Inhabiting is the experience being here, of occupying the bodies or spaces that we are and share, being attentive to what is arising, to palpable sense and feel that we are this. Where we feel we are fragmented or dissociated, we seek to integrate with healing, attention, and presence.
Through the practice of inhabiting there is a living experience of embodied ownership, connection, presence, embrace, a releasing unconscious separation while maintaining organic distinction and diversity of experience and phenomena.
Various modes of inhabiting
We inhabit who we are in multiple ways and dimensions, including:
Who we are right now in this moment
Who we were in the past, acknowledging, honoring, and reclaiming ourselves through healing, reintegrating those parts of us that have been suppressed or forgotten
The unconscious patterns that have emerged in our life, operating unconsciously that are now (or always have been) painful, or limiting our ability to inhabit more fully this life we are now living and sharing
Who we are becoming (who we are is continually changing)
Who we are becoming in discernible, patterned, significant ways, meaning because we are not only changing in purely random or neutral ways, we seek to inhabit the directionality of our evolution and unfolding
Who we are individually and collectively: I, We, It.
Inhabiting is a life long practice and in the moments we feel as present as we can be, as who we are in this moment, including all that is painful and imperfect, in that moment, we are as complete as we could be, neither practicing nor not practicing.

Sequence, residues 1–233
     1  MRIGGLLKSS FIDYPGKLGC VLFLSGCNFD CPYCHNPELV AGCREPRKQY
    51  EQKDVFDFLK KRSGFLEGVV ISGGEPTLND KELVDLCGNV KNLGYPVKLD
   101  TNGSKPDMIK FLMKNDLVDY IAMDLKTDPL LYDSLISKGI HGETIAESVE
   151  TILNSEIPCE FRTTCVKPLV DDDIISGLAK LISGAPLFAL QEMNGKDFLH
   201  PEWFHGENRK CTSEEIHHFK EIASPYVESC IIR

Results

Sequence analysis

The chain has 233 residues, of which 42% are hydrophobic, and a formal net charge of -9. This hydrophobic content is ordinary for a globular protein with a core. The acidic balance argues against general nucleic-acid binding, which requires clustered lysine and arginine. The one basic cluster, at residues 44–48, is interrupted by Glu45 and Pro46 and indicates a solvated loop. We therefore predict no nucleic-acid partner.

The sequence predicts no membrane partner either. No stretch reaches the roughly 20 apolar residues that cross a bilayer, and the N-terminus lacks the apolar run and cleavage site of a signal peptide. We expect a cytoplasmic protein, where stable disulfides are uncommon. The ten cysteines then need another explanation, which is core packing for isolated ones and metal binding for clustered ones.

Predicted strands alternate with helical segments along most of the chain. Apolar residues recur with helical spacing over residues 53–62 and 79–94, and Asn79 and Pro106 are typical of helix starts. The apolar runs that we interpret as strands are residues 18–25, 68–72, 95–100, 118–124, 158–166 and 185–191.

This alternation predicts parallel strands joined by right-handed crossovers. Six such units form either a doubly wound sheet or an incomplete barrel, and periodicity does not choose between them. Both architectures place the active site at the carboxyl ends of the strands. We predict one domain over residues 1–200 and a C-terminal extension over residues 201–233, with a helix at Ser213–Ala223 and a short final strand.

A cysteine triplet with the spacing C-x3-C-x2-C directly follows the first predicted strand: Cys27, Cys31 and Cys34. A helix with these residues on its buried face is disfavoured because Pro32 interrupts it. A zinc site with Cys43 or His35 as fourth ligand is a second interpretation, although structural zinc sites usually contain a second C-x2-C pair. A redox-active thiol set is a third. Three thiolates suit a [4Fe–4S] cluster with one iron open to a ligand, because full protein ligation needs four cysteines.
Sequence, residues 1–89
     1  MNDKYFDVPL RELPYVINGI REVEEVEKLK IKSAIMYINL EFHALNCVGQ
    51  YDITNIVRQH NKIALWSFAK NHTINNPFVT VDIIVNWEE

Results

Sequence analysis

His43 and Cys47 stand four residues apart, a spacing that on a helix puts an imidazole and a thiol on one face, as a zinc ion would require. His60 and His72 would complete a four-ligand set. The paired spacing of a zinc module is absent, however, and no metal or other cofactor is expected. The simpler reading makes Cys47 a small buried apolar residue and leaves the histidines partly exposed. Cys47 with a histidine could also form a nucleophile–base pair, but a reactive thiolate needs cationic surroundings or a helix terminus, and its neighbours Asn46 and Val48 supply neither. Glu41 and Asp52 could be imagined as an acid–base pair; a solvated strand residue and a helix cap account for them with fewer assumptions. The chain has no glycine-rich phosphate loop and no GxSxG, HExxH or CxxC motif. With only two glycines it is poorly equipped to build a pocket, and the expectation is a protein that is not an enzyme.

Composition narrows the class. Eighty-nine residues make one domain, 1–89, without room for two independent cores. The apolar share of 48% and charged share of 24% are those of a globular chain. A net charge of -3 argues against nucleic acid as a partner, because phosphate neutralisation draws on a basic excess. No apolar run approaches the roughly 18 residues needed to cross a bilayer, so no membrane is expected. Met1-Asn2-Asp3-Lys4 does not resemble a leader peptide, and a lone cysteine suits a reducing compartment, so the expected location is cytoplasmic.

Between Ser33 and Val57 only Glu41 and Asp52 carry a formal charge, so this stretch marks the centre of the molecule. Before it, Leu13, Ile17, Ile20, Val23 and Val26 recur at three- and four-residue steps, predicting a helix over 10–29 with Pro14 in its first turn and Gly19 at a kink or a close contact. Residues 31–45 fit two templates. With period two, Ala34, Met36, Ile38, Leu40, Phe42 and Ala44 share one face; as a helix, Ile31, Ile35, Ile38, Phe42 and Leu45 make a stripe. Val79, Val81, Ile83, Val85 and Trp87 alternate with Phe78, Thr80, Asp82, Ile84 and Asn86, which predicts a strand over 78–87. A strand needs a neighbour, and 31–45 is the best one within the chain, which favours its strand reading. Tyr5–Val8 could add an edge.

And in the next moment - everything changes again. We respond, we practice, we come back home to who we are, again and again.
Integration and a few notes on the diagram
As you can see in the diagram, release and response blend into one another, which has a few significant indications:
It is ultimately not possible to draw a strict line between the practices of release and response.
However, it is useful to make distinctions between release and response in practice.
It is obvious that it is possible to go deep separately in either release or response, but we would experience the cultivation of release and response in some opposition of each other. This sense of opposition leads to a dissociation or ignorance of one or the other.
Awakening in Life seeks first and foremost to integrate and inhabit the full, unfolding spectrum of human experience.
This integration is not meant to be prescriptive or linear, but it is possible and necessary to actively seek to integrate both release and response in our lives.
The arrow between release and response indicates that the practice and experiences within release and response mutually influence each other, in what we practice, why we practice, and how we practice, and the results of practice.
Finally, it is possible to integrate practices of both release and response into a single practice (meta-practice).